Development aid for Africa has never fallen under such radical and massive criticism as in recent years -- and it comes from representatives of both the "North" and of Africa itself. Nevertheless, this hasn't kept Germany's Ministry for Economic Cooperation and Development (BMZ) from concluding, in one of its brochures: "Africa is not the continent of catastrophes, crises and wars. Africa shows evidence of the dynamics of reform and stabile growth and, with its ideas and potential, is taking its development into its own hands."
The assessment of development of Sub-Saharan Africa is highly ideological. Large parts of the development community take for granted the adage that: "We are exploiting poor Africans, and we deny them all trade opportunities. We must forgive all of their debt, because the loans were forced upon them. A significant increase in financial development aid is needed, because more money means more development."
The same effect is produced by the many who insist that Africa's prospects for development are being destroyed by unfair international trade relationships. Criticism of these relationships is undoubtedly justified. But why is trade flourishing, under identical conditions, in many developing countries outside Africa? The fact that this obvious truth is eclipsed by the constant talk of catastrophe is an indicator of the quality of discourse over Third World development.
The most successful trading partners among the poorer nations export industrial goods, not agricultural products. China initially brought technically uncomplicated devices onto the world market, but with time its products became increasingly sophisticated. Why doesn't this work in Africa? Has anyone ever seen an iron, a bicycle or a hair clip with "Made in Togo" or "Made in Uganda" printed on it? For generations, the international community has promoted technical and entrepreneurial competency among Africans. Where have its efforts paid off?
The Outstreched Hand Is the Continent's Symbol
After half a century of development aid for Africa, the entire world of donor nations remains covered with a network consisting of all sorts of public and private aid agencies. Governments, communities, church-affiliated relief organizations, corporate groups, trade unions, a vast number of charitable groups, schools and sponsorship organizations -- all are helping Africa or, more precisely, are trying to help. And Africa, for its part, is a willing recipient of their largesse, even when it violates the continent's dignity. Indeed, the outstretched hand has literally become a symbol of Africa. People here and there are so accustomed to this state of affairs that its absurdity seems normal to them.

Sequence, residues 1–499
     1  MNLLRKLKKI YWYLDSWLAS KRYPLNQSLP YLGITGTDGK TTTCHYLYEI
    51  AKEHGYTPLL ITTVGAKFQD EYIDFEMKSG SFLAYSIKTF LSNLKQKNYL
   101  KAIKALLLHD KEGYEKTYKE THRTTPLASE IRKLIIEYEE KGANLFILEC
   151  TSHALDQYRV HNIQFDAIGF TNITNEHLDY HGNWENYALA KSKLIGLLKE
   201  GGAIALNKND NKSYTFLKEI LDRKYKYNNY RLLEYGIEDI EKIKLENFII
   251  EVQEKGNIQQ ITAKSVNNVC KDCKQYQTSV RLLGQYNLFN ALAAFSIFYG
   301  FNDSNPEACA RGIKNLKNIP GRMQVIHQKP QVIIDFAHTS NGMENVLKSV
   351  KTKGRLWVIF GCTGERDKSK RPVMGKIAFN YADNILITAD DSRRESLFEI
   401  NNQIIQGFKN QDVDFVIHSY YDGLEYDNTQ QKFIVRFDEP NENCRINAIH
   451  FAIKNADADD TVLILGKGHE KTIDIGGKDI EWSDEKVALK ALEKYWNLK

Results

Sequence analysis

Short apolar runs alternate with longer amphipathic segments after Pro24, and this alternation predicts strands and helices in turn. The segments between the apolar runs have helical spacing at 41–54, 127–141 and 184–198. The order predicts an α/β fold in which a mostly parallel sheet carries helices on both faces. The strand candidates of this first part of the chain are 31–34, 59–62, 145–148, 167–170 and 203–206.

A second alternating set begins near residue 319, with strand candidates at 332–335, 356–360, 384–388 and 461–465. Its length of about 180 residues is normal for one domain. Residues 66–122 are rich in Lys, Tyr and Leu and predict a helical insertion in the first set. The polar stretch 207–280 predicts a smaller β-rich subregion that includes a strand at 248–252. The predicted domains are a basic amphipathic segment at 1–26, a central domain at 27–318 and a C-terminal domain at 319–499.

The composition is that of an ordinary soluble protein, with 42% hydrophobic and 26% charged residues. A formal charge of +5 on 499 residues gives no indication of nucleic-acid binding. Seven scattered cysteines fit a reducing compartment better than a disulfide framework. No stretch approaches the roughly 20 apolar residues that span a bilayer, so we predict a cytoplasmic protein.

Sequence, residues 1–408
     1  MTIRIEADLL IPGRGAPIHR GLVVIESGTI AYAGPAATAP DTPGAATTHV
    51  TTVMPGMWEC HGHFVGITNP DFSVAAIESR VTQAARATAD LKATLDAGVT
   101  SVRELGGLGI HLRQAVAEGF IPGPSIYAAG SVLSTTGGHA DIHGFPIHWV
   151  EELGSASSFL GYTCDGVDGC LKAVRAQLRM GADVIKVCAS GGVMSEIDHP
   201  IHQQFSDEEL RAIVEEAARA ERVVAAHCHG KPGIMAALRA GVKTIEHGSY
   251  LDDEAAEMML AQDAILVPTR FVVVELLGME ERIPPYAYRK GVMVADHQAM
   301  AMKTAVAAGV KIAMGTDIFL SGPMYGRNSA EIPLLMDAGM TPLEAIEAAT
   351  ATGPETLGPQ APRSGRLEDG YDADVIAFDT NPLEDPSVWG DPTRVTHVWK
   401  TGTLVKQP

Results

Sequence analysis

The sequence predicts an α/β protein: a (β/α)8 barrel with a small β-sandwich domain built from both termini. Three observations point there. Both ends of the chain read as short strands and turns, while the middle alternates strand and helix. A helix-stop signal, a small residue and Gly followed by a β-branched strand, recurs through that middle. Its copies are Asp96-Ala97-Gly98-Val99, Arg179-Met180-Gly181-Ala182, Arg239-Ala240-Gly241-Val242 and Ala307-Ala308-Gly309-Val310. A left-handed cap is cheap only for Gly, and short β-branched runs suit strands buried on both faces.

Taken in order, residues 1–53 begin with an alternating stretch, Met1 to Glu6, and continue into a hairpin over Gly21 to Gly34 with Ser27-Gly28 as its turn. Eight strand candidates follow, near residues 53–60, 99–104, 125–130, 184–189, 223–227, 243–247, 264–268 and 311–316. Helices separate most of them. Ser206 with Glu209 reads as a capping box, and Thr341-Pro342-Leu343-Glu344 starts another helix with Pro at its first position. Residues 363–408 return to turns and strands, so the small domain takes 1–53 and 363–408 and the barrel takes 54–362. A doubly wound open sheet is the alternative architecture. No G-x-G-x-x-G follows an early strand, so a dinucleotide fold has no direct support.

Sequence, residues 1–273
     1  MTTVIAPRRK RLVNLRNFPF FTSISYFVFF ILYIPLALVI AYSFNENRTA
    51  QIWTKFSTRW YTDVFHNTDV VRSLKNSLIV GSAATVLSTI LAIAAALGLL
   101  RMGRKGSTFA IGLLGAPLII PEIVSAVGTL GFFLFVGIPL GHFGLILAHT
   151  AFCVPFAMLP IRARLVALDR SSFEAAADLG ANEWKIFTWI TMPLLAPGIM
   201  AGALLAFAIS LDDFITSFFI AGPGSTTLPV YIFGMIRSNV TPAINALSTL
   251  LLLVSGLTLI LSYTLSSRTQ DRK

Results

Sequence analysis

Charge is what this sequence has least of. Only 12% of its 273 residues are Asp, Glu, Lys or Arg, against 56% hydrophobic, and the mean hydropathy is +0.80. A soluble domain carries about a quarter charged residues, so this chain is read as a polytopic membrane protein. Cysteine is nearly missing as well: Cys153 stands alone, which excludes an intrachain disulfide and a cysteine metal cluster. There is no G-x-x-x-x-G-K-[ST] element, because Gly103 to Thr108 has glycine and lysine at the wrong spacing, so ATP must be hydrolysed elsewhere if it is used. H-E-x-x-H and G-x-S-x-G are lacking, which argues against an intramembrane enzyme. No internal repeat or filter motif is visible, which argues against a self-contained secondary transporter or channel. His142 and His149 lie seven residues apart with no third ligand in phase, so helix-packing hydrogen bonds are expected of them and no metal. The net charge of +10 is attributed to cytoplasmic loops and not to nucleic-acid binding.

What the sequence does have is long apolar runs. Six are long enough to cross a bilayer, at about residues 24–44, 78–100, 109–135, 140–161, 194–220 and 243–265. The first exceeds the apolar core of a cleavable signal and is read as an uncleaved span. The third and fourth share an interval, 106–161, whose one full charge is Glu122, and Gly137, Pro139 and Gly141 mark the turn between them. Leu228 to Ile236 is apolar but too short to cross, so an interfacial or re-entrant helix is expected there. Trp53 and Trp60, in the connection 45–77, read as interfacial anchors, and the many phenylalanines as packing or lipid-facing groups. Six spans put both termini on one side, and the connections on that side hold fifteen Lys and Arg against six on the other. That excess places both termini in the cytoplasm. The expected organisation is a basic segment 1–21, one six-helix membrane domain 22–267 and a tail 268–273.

But the cycle of giving and receiving solidifies Africa's dependency and impedes development. It ignores the banal insight that development can only be what people and societies achieve themselves. What we do is of little interest, while what they -- the Africans -- do is key. Nothing can replace their internal dynamics, not even the most well-intentioned assistance from abroad.
The dynamics of Africa's development are in bad shape. Of course, there are good and shining examples for anything, but they are not typical of the continent. Anyone seeking to witness dynamic development should look to the lively bustle of activity in rising East Asian countries, where international development aid plays only a small role.
But anyone traveling through Africa will encounter a completely different picture: a great deal of lethargy and not enough of the urge to succeed. Economic development, in particular, suffers from a lack of thoroughness, planning and reliability, and from the fact that African family clans typically demand a share of the economic success of their more successful members, instead of allowing them to enjoy the fruits of their labor. Another impediment to development, and to rational thinking and activity, is a belief in spirits that is still deeply entrenched at all social levels. Socio-cultural explanations of such behavior are interesting, but they do not promote development.
Despite these obstacles, the only true measure of the quality of our development aid is the extent to which it manages to generate and strengthen internal African dynamics. Too little attention is paid to this simple and fundamental insight in the practice of development aid. Instead, the performance of donor nations is judged on the basis of the so-called ODA, or Official Development Assistance, quota, which is the share of a country's gross national product devoted to development assistance. But this is nothing but self-delusion, because the ODA quota has little to do with development. In fact, it has more to do with the opposite of development.
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